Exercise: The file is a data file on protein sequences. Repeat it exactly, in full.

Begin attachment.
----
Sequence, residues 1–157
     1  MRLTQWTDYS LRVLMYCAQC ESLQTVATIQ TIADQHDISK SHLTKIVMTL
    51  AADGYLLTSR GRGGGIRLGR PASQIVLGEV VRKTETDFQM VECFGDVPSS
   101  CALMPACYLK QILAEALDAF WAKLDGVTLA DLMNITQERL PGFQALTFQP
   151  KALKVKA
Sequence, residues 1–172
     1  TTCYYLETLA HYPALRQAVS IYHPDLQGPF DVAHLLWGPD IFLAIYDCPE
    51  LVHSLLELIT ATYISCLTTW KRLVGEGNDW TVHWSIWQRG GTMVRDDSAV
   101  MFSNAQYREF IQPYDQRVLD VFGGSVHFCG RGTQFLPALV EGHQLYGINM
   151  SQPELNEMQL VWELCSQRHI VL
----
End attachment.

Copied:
Sequence, residues 1–157
     1  MRLTQWTDYS LRVLMYCAQC ESLQTVATIQ TIADQHDISK SHLTKIVMTL
    51  AADGYLLTSR GRGGGIRLGR PASQIVLGEV VRKTETDFQM VECFGDVPSS
   101  CALMPACYLK QILAEALDAF WAKLDGVTLA DLMNITQERL PGFQALTFQP
   151  KALKVKA
Sequence, residues 1–172
     1  TTCYYLETLA HYPALRQAVS IYHPDLQGPF DVAHLLWGPD IFLAIYDCPE
    51  LVHSLLELIT ATYISCLTTW KRLVGEGNDW TVHWSIWQRG GTMVRDDSAV
   101  MFSNAQYREF IQPYDQRVLD VFGGSVHFCG RGTQFLPALV EGHQLYGINM
   151  SQPELNEMQL VWELCSQRHI VL